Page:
Just as female hormones are used in some instances to fight prostate cancer, hormones and hormone-blocking drugs are sometimes used in the treatment of ovarian cancer, primarily stromal tumors. The three primary types of hormones or hormone-blocking drugs which are used to treat ovarian stromal tumors are:
- Luteinizing-hormone-releasing hormone agonists—LHRH—can help turn off the production of estrogen in the ovaries. Especially among women who are premenopausal, LHRH agonists are used to lower estrogen levels. Lupron and Zoladex are the two primary times of LHRH agonists, and whichever drug is used will be injected every 1-3 months. The side effects are the same as the side effects experienced by women going through menopause—hot flashes and vaginal dryness. Osteoporosis can result if the drug is taken for a significant amount of time (years).
- Tamoxifen is a drug most women associate with the treatment of breast cancer although it can be used to treat ovarian stromal tumors, and, rarely, epithelial ovarian cancer. Tamoxifen acts as an anti-estrogen in the tissues, keeping estrogens which circulate in a woman’s body from stimulating the growth of cancer cells. Hot flashes and vaginal dryness are common side effects, and more rarely, the drug can cause blood clots to form in the legs.
- Aromatase inhibitors block aromatase, an enzyme which converts other hormones into estrogen among postmenopausal women. Aromatase inhibitors don’t prevent the ovaries from making estrogen so are only helpful for women who have gone through menopause. Aromatase inhibitors are primarily used to treat breast cancer, but can also be used for stromal tumors which have come back after the initial cancer treatment. The aromatase inhibitors include Femara, Arimidex and Aromasin, and are taken as pills once a day. The side effects of aromatase inhibitors include:
- Hot flashes;
- Muscle pain;
- Joint pain;
- Thinning bones, and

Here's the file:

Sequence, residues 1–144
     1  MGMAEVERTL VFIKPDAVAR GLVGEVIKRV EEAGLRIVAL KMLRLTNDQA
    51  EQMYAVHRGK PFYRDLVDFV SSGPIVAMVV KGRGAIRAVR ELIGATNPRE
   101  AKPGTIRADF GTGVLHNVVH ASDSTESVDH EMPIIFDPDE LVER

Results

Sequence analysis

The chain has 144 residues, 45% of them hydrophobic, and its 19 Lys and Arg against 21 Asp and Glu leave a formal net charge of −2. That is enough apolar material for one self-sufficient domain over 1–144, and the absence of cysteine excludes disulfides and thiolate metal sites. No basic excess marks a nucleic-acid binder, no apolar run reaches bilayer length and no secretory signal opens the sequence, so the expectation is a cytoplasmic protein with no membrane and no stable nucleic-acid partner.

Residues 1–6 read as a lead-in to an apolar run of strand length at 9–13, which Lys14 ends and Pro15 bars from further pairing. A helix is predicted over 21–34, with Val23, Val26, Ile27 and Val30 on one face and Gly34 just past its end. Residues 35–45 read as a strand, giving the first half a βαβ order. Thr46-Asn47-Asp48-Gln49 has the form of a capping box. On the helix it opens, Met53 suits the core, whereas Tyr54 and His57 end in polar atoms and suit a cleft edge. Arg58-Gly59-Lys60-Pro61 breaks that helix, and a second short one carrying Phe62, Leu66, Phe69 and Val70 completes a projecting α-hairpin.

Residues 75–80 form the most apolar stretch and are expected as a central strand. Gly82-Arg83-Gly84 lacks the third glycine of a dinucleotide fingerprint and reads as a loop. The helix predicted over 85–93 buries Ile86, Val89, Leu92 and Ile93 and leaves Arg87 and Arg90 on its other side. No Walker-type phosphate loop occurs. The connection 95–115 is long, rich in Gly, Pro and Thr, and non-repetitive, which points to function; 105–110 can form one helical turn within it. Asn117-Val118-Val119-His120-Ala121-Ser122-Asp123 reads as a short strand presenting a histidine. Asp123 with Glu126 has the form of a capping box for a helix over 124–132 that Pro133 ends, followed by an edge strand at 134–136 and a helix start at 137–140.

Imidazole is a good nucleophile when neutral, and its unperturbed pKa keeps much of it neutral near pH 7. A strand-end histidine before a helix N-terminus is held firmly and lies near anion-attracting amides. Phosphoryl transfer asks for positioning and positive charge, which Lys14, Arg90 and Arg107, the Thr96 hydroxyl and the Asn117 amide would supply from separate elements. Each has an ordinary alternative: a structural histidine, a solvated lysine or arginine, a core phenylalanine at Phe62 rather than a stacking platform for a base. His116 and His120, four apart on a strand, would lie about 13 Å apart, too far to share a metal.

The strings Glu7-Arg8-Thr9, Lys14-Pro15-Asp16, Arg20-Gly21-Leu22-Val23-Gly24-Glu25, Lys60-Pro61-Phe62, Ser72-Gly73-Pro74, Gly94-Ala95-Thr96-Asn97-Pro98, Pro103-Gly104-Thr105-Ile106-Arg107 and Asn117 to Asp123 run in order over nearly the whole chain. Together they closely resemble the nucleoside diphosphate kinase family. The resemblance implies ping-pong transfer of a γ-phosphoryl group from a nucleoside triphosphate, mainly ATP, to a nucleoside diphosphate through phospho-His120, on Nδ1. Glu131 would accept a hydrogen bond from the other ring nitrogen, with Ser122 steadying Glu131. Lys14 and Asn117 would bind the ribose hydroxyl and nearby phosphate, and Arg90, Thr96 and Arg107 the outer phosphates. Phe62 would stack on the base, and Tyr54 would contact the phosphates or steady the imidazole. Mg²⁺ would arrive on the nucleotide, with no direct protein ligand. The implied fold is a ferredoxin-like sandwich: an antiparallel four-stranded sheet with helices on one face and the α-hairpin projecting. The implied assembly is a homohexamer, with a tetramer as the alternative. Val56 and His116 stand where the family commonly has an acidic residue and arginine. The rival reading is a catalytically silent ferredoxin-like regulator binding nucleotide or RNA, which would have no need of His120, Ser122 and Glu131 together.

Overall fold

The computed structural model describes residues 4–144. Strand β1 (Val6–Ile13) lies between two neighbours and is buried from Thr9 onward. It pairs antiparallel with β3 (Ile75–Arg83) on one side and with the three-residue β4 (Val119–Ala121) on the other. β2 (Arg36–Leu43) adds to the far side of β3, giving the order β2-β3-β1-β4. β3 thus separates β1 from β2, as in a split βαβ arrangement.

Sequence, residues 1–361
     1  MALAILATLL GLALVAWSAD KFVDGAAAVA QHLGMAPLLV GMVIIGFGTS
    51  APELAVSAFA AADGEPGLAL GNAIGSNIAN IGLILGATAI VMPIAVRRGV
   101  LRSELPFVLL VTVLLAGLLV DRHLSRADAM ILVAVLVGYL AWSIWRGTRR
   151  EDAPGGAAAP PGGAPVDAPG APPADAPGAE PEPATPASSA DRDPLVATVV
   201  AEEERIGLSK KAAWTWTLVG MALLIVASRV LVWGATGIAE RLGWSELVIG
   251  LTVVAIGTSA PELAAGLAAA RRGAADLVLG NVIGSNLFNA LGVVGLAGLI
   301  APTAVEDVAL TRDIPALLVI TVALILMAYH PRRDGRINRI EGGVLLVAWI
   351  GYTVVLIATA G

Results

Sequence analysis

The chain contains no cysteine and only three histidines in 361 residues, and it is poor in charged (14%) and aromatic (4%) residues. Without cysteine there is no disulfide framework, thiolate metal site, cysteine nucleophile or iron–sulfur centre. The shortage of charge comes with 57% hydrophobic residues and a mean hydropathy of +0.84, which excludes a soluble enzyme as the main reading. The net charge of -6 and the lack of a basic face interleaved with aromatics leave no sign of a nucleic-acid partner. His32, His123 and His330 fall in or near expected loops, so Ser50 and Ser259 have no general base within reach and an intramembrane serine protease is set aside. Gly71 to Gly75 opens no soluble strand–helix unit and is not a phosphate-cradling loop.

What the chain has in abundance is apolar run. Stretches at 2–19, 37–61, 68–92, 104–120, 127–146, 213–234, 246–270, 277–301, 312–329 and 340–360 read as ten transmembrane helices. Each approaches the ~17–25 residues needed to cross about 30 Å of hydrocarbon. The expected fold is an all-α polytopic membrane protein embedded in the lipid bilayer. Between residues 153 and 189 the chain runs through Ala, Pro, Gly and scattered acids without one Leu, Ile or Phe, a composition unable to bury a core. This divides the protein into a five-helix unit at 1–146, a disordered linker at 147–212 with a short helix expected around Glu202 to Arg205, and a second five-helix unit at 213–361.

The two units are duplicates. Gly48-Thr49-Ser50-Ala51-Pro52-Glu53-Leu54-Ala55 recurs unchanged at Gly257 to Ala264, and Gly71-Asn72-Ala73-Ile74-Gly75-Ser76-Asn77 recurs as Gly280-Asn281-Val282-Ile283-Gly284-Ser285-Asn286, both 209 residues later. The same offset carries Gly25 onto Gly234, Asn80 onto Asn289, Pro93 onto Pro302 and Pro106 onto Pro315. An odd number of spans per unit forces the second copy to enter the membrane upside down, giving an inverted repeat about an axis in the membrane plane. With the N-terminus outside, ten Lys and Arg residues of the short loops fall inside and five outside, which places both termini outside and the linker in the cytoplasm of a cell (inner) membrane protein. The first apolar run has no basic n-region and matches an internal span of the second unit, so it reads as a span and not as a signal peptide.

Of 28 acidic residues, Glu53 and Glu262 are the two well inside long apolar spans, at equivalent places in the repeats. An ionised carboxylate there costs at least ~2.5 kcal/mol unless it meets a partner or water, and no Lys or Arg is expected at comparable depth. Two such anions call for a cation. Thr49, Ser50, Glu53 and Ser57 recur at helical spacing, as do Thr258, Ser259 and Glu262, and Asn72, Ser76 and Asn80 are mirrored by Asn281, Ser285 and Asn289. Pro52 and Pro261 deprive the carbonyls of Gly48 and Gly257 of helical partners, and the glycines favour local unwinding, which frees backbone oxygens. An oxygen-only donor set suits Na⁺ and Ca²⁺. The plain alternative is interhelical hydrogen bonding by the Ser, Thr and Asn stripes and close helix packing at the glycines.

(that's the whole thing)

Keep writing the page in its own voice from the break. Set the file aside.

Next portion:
Baby Powder with Talc: Why have there been Talcum Powder Ovarian Cancer Lawsuits?
In May, the third Johnson & Johnson talcum powder ovarian cancer lawsuit was decided in favor of the plaintiff, Gloria Ristesund. Ristesund was awarded $55 million--$5 million in compensatory damages and $50 million in punitive damages. Ristesund said she had used J & J talcum powder for feminine hygiene for more than three decades, and was diagnosed with ovarian cancer in 2011. Just months prior to the Ristesund trial, the family of Jacqueline Fox brought a wrongful death claim against Johnson & Johnson. A Missouri jury awarded the family $72 million--$10 million in compensatory damages, and $62 million in punitive damages.
The award came after the jury heard Fox’s deposition in which she claimed she had also used Johnson & Johnson baby powder with talc and Shower to Shower, for more than three decades for feminine hygiene. The first Johnson & Johnson talcum powder lawsuit was heard in 2013. A jury found in favor of Deane Berg, agreeing that Johnson & Johnson had exhibited a failure to warn regarding the potential risks of talcum powder, however awarded Berg no financial compensation. Sometimes called “baby powder cancer,” it appears there are a number of studies backing up the link between talc and ovarian cancer.
Women who have developed talc cancer may want to consider filing a talcum powder ovarian cancer lawsuit. There are currently more than 1,200 talcum powder ovarian cancer lawsuits pending. Although some people believe Johnson & Johnson may decide to settle the pending lawsuits, considering how the first three trials have gone, J & J continues to maintain their talcum powder is safe, and even says they will appeal the trial decisions. It is likely there are many women across the nation who already have ovarian cancer and wonder if talcum powder was a contributor, or who have used talcum powder (talc is found in baby powder with talc and in “Shower to Shower”) for feminine hygiene for years and wonder if they have a higher risk of being diagnosed with ovarian cancer. There appear to be as many questions as answers for women.
Talcum Powder Ovarian Cancer Legal Help and Information: Finding a Baby Powder Cancer Lawyer
If you have been diagnosed with ovarian cancer and you used talcum powder for feminine hygiene, it could be beneficial to speak to a knowledgeable talcum powder ovarian cancer attorney. Obtaining this type of experienced talcum powder ovarian cancer legal help you get the answers you deserve, and an attorney may be able to file a talcum powder ovarian cancer lawsuit on your behalf, if warranted. You may be entitled to compensation for your injuries.